AUSTIN, TEXAS — The Texas Department of State Health Services (DSHS) reported the first human case of highly pathogenic avian influenza (HPAI) in Texas on April 1. The virus was likely passed from direct exposure to dairy cattle presumed to be infected with the HPAI strain.

The affected person experienced eye inflammation as their only symptom and is currently recovering. They are being treated with the antiviral drug oseltamivir, DSHS said.

The infected person was tested for the flu late last week, and the Centers for Disease Control and Prevention (CDC) confirmed the results over the weekend.

“This infection does not change the H5N1 bird flu human health risk assessment for the US general public, which CDC considers to be low,” the CDC said in a press release. “However, people with close or prolonged, unprotected exposures to infected birds or other animals (including livestock), or to environments contaminated by infected birds or other animals, are at greater risk of infection.”

CDC noted that this is not the first time avian influenza has infected a person. In 2022 in Colorado, a previous human case occurred after direct exposure to poultry presumably with HPAI. The infected person reported fatigue for a few days as their only symptom and has since recovered.

Human infections with avian influenza are uncommon, CDC said, but have occurred sporadically worldwide. Cases have ranged from mild with symptoms like eye infection or upper respiratory symptoms all the way to severe illness such as pneumonia.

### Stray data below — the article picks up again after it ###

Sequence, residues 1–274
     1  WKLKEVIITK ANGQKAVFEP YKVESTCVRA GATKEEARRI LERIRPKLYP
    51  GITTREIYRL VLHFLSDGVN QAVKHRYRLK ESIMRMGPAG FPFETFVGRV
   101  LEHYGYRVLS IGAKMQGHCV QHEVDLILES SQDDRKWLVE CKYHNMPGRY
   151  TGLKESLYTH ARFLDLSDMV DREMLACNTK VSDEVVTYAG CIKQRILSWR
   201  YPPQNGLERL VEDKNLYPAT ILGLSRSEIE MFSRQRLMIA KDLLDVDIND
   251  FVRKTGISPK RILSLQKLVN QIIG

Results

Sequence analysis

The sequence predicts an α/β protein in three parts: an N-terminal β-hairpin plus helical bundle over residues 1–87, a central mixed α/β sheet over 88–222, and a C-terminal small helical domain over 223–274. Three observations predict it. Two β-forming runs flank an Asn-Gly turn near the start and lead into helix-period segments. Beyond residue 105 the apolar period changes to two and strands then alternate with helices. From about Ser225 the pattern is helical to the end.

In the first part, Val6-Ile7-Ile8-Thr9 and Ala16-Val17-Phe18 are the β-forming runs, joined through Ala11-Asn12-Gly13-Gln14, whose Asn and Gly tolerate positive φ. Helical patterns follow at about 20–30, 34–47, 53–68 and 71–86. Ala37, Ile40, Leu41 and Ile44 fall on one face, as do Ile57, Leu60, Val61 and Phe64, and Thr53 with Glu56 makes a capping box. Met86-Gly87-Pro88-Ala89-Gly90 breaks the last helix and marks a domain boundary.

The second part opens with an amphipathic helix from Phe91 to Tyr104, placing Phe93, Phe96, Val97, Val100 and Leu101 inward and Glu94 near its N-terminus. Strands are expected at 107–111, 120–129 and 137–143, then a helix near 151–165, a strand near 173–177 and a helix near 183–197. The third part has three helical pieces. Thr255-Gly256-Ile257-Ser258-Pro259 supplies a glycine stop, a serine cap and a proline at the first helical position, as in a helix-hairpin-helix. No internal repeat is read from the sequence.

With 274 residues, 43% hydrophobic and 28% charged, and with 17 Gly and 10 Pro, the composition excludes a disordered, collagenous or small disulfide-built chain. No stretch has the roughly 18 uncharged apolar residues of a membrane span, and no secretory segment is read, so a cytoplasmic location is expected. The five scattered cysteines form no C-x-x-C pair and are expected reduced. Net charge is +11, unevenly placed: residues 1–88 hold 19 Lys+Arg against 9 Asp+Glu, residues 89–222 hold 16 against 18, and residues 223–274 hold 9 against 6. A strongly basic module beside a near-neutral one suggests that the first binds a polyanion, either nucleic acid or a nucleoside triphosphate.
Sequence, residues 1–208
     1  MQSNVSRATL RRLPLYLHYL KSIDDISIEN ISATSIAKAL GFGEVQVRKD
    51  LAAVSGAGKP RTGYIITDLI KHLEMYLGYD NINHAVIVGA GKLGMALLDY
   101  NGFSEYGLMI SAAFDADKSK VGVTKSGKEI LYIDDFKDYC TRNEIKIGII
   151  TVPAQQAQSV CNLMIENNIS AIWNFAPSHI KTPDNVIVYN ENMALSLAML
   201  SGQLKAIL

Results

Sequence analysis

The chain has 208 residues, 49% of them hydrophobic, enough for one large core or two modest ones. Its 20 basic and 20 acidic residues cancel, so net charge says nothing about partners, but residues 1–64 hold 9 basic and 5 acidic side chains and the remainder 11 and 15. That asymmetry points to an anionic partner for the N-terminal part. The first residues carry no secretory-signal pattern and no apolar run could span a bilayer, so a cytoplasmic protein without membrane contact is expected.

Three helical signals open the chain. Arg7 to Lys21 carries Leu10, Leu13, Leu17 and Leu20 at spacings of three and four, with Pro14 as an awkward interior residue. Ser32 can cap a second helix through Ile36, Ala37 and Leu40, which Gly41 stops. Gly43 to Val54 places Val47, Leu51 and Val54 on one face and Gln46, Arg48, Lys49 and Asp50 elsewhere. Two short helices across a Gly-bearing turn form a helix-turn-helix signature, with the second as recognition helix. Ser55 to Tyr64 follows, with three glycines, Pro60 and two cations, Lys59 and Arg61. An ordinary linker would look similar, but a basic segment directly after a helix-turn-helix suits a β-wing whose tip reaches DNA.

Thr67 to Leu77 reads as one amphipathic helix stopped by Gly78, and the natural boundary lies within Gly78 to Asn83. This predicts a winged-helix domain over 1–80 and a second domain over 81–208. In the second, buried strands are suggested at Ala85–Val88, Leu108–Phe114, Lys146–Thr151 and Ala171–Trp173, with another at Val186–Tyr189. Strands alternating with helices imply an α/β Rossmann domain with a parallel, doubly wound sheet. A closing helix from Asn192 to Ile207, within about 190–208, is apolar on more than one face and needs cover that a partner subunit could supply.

According to DSHS, initial testing indicates that HPAI has not changed in a way to make it more likely to spread among humans.

Last week, HPAI was detected in dairy cattle in Texas, Kansas and Michigan.

“The cattle infections do not present a concern for the commercial milk supply. Dairies are required to destroy or divert milk from any sick cows, plus pasteurization kills avian flu viruses,” DSHS said.

DSHS is providing guidance to affected dairies about how to minimize workers’ exposure and how people around affected cattle can monitor flu-like symptoms and get tested. Additionally, the agency has issued a health alert, asking health care providers around affected dairies to be vigilant for possible human cases and is providing testing treatment recommendations.

CDC said it will also continue to monitor the situation closely for signs that the risk to human health has changed. The agency is taking routine measures for preparedness and prevention, which include an existing candidate vaccine virus that could be used to make a vaccine for people if one were needed.